SACRAMENTO, Calif. – An early morning vote began Thursday on a deal that brought hope of a budget passage inside California's Capitol after legislative leaders agreed to make major election and government reforms in exchange for one last vote from a moderate Republican.
The vote could finally bring a drawn-out budget battle to a close after leaders agreed to ask voters to revise the state's constitution to allow open primaries for legislative, congressional and gubernatorial elections to win state Sen. Abel Maldonado's support.
Leaders also met his demands to remove a provision to increase the gas tax, freeze legislators' salaries in deficit budget years and to eliminate new office furniture budgeted for the state controller.
The Senate needs just one GOP vote to pass the budget, but Republicans in that chamber have steadfastly refused to boost taxes. The plan appears to have sufficient support in the state Assembly.
Senate leader Darrell Steinberg of Sacramento spent much of Wednesday courting Maldonado after recalcitrant Republicans ousted their leader in a midnight coup and pledged to hold out against tax increases.
"We don't want to see taxes increased, increasing the tax burden on Californians," state Sen. Dennis Hollingsworth, R-Murrieta, said Wednesday, hours after he replaced Modesto Sen. Dave Cogdill as Senate minority leader.
The proposal that has been before lawmakers since late last week is combination of spending cuts, tax increases and borrowing, which is intended to close a projected $42 billion budget deficit through June 2010.
The program cuts — some $15.1 billion, mostly to education — actually are higher than the proposed tax increases of $12 billion after Maldanado's last-minute changes. But many Republicans in the Legislature have signed a pledge against raising taxes and have decided to stick to it, even though they have not come up with a plan to close the entire deficit with cuts.
Late last year, Republicans proposed a plan they say would have saved about half that amount.
Instead, some Senate Republicans want to focus on closing the deficit in the fiscal year that ends June 30 rather than focusing on the two-year shortfall. They want the immediate deficit closed with cuts and shifting money from other accounts.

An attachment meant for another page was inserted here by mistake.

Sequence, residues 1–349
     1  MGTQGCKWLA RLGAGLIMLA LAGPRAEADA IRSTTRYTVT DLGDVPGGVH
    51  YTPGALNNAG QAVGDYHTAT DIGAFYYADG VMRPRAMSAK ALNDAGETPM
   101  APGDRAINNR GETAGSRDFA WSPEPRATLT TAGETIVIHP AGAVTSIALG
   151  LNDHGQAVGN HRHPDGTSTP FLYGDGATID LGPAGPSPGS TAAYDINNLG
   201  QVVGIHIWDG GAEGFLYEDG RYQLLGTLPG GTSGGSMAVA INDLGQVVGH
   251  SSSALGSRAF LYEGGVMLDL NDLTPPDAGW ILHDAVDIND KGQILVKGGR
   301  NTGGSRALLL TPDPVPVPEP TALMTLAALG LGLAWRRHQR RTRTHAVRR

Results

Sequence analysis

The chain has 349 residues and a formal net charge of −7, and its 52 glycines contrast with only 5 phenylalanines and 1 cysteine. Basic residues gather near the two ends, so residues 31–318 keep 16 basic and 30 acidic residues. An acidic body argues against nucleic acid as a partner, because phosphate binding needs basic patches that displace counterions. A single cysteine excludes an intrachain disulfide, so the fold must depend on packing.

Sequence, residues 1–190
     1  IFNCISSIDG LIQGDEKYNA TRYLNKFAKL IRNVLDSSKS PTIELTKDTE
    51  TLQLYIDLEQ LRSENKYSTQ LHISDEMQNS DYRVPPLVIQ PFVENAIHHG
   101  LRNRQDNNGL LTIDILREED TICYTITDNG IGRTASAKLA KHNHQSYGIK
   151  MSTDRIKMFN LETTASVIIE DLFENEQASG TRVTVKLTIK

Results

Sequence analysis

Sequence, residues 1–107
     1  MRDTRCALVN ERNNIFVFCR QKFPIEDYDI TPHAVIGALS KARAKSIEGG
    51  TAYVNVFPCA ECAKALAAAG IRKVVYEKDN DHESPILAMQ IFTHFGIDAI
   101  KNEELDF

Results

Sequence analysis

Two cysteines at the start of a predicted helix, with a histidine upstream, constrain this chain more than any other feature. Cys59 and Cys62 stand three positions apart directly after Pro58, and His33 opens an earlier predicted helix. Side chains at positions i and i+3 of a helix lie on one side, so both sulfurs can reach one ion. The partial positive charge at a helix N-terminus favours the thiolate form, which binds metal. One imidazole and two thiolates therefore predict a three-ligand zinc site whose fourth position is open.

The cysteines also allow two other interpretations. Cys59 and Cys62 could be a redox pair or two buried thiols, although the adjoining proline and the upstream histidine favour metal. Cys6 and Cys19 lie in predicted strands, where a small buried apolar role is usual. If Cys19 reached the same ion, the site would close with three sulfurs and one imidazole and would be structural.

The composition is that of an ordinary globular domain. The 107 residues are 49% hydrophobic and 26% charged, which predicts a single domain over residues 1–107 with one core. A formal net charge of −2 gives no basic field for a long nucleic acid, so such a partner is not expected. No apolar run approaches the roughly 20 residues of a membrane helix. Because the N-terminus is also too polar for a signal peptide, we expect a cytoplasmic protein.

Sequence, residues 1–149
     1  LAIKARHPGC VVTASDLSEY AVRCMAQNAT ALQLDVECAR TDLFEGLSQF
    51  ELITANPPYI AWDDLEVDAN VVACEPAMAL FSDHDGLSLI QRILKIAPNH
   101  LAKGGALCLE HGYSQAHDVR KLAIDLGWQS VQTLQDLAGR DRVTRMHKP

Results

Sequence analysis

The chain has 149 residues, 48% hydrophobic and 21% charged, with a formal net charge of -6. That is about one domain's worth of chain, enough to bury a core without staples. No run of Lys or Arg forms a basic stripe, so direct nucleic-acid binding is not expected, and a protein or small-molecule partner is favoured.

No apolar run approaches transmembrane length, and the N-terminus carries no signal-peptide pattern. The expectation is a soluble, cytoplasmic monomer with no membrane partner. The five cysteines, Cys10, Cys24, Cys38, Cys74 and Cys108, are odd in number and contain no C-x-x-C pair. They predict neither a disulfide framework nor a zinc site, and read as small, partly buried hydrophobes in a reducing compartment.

Gov. Arnold Schwarzenegger criticized that stand during a Wednesday afternoon news conference.
"If you think that you can do this without any increase in revenues, then you have a big math problem," Schwarzenegger said. "I despise revenue increases. I hate taxes. But when you're faced with that kind of a reality then that's where you have to go."
It is minority Republicans who ultimately decide the fate of California's budget process because of the state's unusual two-thirds vote requirement to pass spending plans and tax increases.
Schwarzenegger and the Democrats have said they have no appetite for reopening budget negotiations, after a difficult, two-month process produced the compromise that is currently before lawmakers.
The pressure on California lawmakers to pass a spending package has intensified during the budget impasse. Hundreds of public works projects will lose state funding on Thursday unless a budget fix is approved, throwing some 92,000 construction workers out of a job.
As tax revenue has plunged, refund checks to taxpayers have been delayed, payments to state vendors have stopped and the state's credit rating has deteriorated to the worst in the nation, preventing borrowing.
In addition to raising taxes, cutting programs and borrowing, the proposal before the Legislature would send five ballot measures to voters in a special election to be held May 19: a spending cap that was sought by Republicans; a plan to sell bonds based on future lottery proceeds; and approval to shift money from accounts for mental health and child-development programs.
The tax hikes include an increase of 1 cent on the dollar in the state sales tax and a boost in vehicle licensing fees.
A 12-cent-a-gallon hike in the gasoline tax was removed along with a 5-percent income tax surcharge for taxpayers who owe money to the state at the end of 2009. Instead, lawmakers would impose a 0.25 percent income tax increase that would drop to 0.125 percent when California gets its expected share of money from the federal stimulus bill.
Many of the tax hikes would remain in effect through the 2013-14 fiscal year if voters approve the cap on state spending during the May special election.